Are you eligible to file an insurance claim?
If you have an insurance policy, you have a contract with your insurance company that requires them to provide certain coverage and the performance of certain duties. In the section below, we delve into different aspect of insurance claims, from homeowner’s insurance to motor vehicle.
Homeowner’s Insurance Claims
Unfortunately, not all insurance companies or individual adjusters behave the way they should. Unscrupulous insurance adjusters may try to take advantage of your difficult circumstances to gain an unfair advantage and so minimize the amount of money they pay out for a homeowner’s insurance claim. This can leave you, the homeowner, with enormous expenses. The lawyers at our firm are experienced in handling all types of homeowners insurance claims and are available to help you get the compensation you deserve.
Most insurance policies require the homeowner to take steps to “mitigate” or minimize the damage to their house. When a home suffers water damage, the affected area must be dried out in order to prevent mold. If mold is permitted to grow, it can compound the damage to the house.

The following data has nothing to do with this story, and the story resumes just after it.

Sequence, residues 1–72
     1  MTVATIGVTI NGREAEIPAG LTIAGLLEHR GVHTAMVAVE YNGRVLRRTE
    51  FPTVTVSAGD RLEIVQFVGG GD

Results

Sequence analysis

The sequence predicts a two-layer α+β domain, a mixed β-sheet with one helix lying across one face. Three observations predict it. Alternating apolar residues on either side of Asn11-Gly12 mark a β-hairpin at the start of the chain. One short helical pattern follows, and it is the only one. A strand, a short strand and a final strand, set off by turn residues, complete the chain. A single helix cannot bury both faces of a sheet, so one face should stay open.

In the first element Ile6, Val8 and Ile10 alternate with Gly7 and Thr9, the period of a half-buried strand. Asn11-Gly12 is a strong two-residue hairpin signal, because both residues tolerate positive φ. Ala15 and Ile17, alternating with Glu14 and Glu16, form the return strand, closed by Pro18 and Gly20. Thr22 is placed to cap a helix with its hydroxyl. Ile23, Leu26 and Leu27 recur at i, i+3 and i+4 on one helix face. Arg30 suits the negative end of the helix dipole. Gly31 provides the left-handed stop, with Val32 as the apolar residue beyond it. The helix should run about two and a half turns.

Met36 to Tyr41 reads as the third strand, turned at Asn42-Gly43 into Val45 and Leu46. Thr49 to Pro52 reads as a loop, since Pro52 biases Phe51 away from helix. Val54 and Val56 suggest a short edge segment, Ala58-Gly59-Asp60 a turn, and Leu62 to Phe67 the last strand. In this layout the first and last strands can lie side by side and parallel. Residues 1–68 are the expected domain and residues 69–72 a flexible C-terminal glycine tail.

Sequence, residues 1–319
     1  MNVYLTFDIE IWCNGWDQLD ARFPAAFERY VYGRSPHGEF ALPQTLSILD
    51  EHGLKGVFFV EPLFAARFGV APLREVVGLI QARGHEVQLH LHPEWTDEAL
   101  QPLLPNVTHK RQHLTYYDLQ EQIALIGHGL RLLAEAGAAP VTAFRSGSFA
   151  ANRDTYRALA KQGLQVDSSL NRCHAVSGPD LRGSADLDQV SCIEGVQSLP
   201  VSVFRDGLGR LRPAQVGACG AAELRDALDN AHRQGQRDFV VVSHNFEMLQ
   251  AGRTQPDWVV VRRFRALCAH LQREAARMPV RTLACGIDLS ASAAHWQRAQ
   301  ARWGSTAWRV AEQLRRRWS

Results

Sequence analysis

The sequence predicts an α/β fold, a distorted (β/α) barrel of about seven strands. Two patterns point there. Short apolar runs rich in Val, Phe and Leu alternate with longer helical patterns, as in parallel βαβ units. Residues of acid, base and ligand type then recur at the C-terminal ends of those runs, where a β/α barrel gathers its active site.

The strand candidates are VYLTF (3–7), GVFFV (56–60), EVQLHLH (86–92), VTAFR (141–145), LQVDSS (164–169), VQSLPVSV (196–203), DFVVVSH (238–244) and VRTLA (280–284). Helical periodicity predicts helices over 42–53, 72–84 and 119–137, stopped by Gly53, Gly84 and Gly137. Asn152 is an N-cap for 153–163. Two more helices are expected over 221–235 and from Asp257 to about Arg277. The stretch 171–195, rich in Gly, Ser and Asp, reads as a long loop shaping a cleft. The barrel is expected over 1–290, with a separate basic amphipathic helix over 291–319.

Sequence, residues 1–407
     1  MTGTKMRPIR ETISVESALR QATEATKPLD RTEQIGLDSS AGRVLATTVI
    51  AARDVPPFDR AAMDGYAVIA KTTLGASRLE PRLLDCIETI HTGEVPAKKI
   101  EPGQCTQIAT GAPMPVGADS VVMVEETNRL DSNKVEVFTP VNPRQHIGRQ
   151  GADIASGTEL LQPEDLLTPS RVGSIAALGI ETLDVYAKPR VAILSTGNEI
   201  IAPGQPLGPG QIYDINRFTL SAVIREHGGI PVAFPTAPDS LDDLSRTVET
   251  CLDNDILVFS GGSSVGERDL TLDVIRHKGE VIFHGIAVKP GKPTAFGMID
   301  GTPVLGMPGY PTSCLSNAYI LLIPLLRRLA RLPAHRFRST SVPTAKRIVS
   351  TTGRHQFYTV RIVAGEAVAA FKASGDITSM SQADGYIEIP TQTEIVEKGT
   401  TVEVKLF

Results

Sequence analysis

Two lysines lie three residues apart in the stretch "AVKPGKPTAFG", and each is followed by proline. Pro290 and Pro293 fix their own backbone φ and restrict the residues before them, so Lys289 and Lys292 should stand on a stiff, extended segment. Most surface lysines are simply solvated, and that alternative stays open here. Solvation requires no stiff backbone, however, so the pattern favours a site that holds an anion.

When your home is damaged by a storm, hurricane, a fire, roof leak or a plumbing leak, your homeowner’s insurance company may be responsible for paying for some or all of the repairs. These repairs can be very expensive – sometimes in the hundreds of thousands of dollars. Most insurance companies and their claims adjusters treat take these claims seriously and work to properly evaluate and pay them.
There are water mitigation or restoration companies that will respond to your home very quickly and take the steps necessary to prevent further damage to your house. Often times they will make arrangements with the homeowner to bill the insurance company directly. Our lawyers are experienced in assisting water restoration contractors in securing the insurance payment they are entitled to.